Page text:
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Covid-19 in Australia

Troops called in to enforce tougher Covid-19 lockdown in Australian state

Soldiers help police officers patrol the streets of Melbourne, Australia, as the city re-entered lockdown against Covid-19, 2 August 2020.
Soldiers help police officers patrol the streets of Melbourne, Australia, as the city re-entered lockdown against Covid-19, 2 August 2020. AFP

The Australian state of Victoria says it will impose heavier fines on residents who flout Covid-19 lockdown rules, which have now been extended until September in the state capital Melbourne as the authorities attempt to tackle an alarming rise in the number of cases.

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Residents of Melbourne, Australia's second biggest city, are living under curfew. Since Sunday, only trips to or from work are permitted between 20:00 and 5AM.

As hundreds of new coronavirus cases are recorded every day, Melbourne also faces the closure of non-essential businesses, and mandatory mask-wearing.

State Premier Daniel Andrews reacted angrily to reports that around 800 infected people had not been at home when local authorities carried out door-to-door checks.

"It’s completely unacceptable," he said, warning that people infected with Covid-19 could now face on-the-spot fines of up to 5,000 Australian dollars, about 3,000 euros, up from 1,652 dollars, if they are caught breaching quarantine a second time.

Victoria has recorded more than 12,000 of the 19,000 coronavirus cases reported across Australia, as well as 147 fatalities of the country's total of 232.

After Victoria state recorded 671 further cases and seven deaths on Sunday, Andrews announced a “state of disaster” and promised sweeping new Covid restrictions across the state as of 6 August.

It has been mandatory for people in metropolitan Melbourne to wear face coverings in public since midnight on Wednesday 22 July.

That rule has been extended to the entire state since midnight Sunday 2 August.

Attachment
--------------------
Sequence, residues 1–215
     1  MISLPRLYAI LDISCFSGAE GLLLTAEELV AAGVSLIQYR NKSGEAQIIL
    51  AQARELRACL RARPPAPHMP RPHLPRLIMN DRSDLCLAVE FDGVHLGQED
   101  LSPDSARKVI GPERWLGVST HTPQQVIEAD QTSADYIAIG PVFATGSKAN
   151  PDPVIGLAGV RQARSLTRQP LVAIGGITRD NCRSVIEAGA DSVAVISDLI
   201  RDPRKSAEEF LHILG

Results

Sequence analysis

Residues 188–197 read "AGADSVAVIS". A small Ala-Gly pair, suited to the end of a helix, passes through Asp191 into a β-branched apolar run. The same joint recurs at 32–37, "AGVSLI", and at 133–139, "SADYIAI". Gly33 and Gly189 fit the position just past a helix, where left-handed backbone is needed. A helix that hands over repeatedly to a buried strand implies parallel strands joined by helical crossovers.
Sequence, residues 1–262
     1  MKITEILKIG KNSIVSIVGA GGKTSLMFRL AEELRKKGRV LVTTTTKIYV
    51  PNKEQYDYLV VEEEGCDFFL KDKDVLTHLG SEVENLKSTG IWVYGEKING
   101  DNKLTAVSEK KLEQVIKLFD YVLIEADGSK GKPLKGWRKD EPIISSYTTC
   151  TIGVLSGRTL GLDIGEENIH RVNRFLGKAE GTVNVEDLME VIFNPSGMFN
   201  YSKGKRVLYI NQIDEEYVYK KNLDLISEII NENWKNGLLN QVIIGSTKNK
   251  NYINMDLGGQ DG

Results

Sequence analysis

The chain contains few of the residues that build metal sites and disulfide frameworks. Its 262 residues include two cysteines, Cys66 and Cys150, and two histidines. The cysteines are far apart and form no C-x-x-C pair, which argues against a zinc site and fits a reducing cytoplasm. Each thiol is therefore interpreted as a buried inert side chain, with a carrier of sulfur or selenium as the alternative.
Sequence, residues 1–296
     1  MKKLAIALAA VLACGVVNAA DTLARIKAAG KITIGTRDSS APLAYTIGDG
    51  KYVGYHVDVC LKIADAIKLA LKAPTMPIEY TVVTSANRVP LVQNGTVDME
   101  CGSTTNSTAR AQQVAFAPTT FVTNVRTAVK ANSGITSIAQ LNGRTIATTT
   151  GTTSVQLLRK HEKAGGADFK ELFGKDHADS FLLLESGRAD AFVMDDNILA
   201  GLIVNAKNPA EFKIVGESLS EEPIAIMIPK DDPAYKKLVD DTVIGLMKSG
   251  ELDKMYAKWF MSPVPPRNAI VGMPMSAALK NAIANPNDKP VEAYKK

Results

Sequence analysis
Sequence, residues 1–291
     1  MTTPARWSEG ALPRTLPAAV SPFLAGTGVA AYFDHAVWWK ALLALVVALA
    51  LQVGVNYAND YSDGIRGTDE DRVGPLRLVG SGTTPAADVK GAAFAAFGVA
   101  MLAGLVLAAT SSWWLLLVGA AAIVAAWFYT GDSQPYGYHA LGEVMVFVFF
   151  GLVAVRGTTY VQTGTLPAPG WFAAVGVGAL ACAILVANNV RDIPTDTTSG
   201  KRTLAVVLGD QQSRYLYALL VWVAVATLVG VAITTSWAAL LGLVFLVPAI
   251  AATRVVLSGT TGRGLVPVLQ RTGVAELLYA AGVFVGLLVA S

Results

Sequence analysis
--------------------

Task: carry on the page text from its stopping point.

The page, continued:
The new ‘stage 4’ lockdown rules for Melbourne will be enforced for the next six weeks until 13 September, while the rest of the state will remain in stage three.

Residents of Melbourne city, Australia, queue up to buy groceries ahead stage 4 of a new lockdown against Covid-19, announced on 2 August 2020.
Residents of Melbourne city, Australia, queue up to buy groceries ahead stage 4 of a new lockdown against Covid-19, announced on 2 August 2020. AFP

Residents are allowed to go out for medical care, to care for others, to get food supplies, or go to work. One hour of exercise per day is tolerated within a 5 kilometre radius of a person's home.

All non-necessary shops, bars and restaurants will be ordered to close as of Thursday, except those offering delivery and contact-less services.

Travel within the state is permitted but only for necessary work-related reasons, or caregiving.

Access remains restricted to neighbouring states, with borders officially closed.

Residents exhausted by restrictions

"It’s an atmosphere of fatigue. We were so close to pulling through, and able to do things again little by little," a Brazilian resident Suellen Smosinski told RFI.

“Where did we go wrong?” she asks, “the current situation is much worse than at the beginning. Victoria has never had so many cases, we’re beating the records.”

Suellen has worked in communications for the past five years but lost her job with a university centre for foreign students when the pandemic hit.

“Everything is so uncertain. In another six weeks, even more people will have lost their jobs and those already unemployed will have even more trouble trying to find jobs.”

Army to provide support for police

Victoria police commissioner Shane Patton said hundreds of officers were also on the streets to enforce the curfew, mask-wearing and stay-at-home orders.

An additional 500 troops will also be deployed in Melbourne to help health officials go door-to-door checking on people who should be staying at home, Premier Andrews said.

Police can also take serious rule-breakers to court, where fines of up to 20,000 Australian dollars (12,000 euros) can be imposed.

Patton said police had observed a small but emerging trend of so-called "sovereign citizens", who believe the laws do not apply to them and were consistently flouting the rules and in some cases reacting violently towards police.

"We've seen them at checkpoints baiting police, not providing a name and address," Patton told The Guardian newspaper.

"On at least four occasions in the last week, we've had to smash the windows of cars and pull people out to provide details."

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